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EVGA is working on an SR-3 Dark series motherboard for LGA 3647

A true successor to the Classified SR-2?

EVGA is working on a SR-3 Dark series motherboard for LGA 3647

EVGA is working on an SR-3 Dark series motherboard for LGA 3647

Longtime PC enthusiasts will have heard of EVGA's Classified SR-2, a monstrous motherboard which at the time was the best of the best when it came to the consumer market. The board supported up to two LGA 1366 CPUs to offer up to a total of 12 cores and 24 threads, as well as support for overclocking.    

The Classified SR-2 was an iconic piece of hardware, coming from an era when Intel's Xeon processors were overclockable using higher QPI frequencies. Later Xeon processors were fully locked, making it practically impossible for EVGA to make newer Classified SR series motherboards, leading to the unsuccessful launch of the LGA 2011 EVGA SRX. EVGA built what could have been a nice overclocking motherboard, but Intel wouldn't allow their new Xeons to be overclocked, making the motherboard pretty pointless in some regards.

Now it looks like EVGA plans to build a new Super Record series motherboard, with Gamers Nexus spotting a development board for EVGA's upcoming SR-3 Dark motherboard for Intel's LGA 3647 socket. This motherboard is purpose-built for Intel's overclockable Xeon W-3175X processor. 

C621 motherboards are already available from both ASUS and Gigabyte in the form of the C621 AORUS Extreme and the ASUS ROG Dominus Extreme, already offering support for Intel's overclockable Xeon processor. With EVGA planning to release their own LGA 3647 overclocking motherboard, it looks like the company plans to retake the high-end market, offering a radically different design from its competitors.     

For starters, EVGA plans to utilise a right-angled CPU socket design, tilting the board's CPU socket and memory slots in its side. This change gives EVGA more space to optimally place the board's VRMs, positioning them close to what appears to be a single right angled 24-pin connection and four angled 8-pin EPS/CPU power connectors. This design change limits the processor to a total of six DIMM slots, but with 16GB DIMMs this is enough for 96GB of DDR4 memory.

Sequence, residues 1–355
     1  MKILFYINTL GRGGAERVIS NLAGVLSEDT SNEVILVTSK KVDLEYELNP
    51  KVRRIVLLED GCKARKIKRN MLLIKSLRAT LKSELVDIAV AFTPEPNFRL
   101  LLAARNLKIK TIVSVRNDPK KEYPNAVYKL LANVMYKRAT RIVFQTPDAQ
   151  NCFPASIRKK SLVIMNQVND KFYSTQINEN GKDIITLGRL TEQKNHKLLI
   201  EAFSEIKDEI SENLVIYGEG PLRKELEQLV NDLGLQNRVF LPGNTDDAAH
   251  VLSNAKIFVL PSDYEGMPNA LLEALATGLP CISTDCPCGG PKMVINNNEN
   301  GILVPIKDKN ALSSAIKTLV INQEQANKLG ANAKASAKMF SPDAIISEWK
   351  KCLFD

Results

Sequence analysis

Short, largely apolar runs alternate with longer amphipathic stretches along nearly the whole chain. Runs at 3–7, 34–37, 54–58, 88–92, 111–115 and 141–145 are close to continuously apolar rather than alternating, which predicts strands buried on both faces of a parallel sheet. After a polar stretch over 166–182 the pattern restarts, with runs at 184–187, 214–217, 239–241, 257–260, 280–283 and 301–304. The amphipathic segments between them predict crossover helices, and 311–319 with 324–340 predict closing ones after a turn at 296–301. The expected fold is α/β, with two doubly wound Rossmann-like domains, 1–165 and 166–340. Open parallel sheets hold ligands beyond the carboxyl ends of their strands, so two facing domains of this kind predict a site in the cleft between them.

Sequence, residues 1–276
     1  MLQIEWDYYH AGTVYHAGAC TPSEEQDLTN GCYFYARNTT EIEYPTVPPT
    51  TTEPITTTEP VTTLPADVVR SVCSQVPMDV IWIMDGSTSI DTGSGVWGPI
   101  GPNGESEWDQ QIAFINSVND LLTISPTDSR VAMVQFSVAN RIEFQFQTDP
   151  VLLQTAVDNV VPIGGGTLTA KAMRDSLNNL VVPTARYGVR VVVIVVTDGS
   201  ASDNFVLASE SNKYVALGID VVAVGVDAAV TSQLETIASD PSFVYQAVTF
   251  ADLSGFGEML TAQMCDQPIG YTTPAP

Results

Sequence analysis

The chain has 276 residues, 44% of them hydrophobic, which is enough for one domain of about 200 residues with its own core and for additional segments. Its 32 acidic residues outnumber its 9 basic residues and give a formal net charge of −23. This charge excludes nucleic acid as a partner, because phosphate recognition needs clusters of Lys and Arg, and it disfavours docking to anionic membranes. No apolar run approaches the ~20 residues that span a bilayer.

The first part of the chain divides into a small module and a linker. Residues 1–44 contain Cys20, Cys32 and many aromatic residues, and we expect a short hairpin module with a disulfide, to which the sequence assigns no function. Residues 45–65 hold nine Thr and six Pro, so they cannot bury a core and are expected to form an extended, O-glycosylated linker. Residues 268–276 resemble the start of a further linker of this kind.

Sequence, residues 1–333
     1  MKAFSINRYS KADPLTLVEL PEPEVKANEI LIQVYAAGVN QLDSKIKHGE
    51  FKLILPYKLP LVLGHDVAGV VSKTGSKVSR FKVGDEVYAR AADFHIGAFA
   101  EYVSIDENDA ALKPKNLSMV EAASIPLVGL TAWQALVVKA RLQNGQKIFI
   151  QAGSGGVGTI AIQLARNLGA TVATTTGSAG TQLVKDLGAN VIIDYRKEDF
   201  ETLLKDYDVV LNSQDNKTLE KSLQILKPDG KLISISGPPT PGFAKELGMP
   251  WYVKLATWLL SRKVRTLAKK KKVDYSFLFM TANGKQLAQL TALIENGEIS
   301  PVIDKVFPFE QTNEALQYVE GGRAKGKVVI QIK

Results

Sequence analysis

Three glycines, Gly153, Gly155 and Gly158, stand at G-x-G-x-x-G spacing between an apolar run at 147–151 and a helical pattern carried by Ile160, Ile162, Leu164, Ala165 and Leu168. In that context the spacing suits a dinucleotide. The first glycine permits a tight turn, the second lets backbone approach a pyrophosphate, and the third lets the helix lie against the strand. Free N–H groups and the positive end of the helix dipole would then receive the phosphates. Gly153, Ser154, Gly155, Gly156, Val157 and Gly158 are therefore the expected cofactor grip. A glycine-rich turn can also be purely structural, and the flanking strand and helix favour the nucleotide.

EVGA is working on a SR-3 Dark series motherboard for LGA 3647  

Looking closer at the motherboard we can see what appears to be two M.2 slots, three U.2 connectors and space for at least six SATA connectors. The motherboard sits within the enormous E-ATX form factor, which means that only the industry's largest cases will support this mainboard. 

While EVGA did not mention when this motherboard will release, it is likely that the board will be showcased at Computex 2019 in some form. The prospect of a true successor to the Classified SR-2 is a tantalising one, especially thanks to the return of overclocking-ready Xeon processors. 

You can join the discussion on EVGA's SR-3 Dark series motherboard on the OC3D Forums

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Most Recent Comments

11-03-2019, 08:40:34

AlienALX
Hopefully this one won't be salmon

I still remember that SRX review I was creasing with laughter.Quote

11-03-2019, 08:43:36

Warchild
Quote:
Originally Posted by AlienALX View Post
Hopefully this one won't be salmon

I still remember that SRX review I was creasing with laughter.
was that the one that come out as looking "pink"?

EVGA has great hardware, but their bios always lets them down. Dont get why they dont listen to the knowledged community and take heed from the suggested changes.Quote

11-03-2019, 08:50:24

AlienALX
Quote:
Originally Posted by Warchild View Post
was that the one that come out as looking "pink"?

EVGA has great hardware, but their bios always lets them down. Dont get why they dont listen to the knowledged community and take heed from the suggested changes.
Yeah haha. It was supposed to be red but Tom pointed out pretty much every shade of pink other than red Quote

11-03-2019, 09:00:10

WYP
The new board should be all black. That seems to be EVGA's thing these days.Quote

11-03-2019, 09:37:14

tgrech
If there's one saving grace of the proliferation of excessive RGB it's the fact we no longer have those garish colours embedded as weird plastic & metal structures in our hardware quite as much. It's hard to go wrong with all black nowadays and not really limiting in any sense of the word, now quite the opposite.Quote
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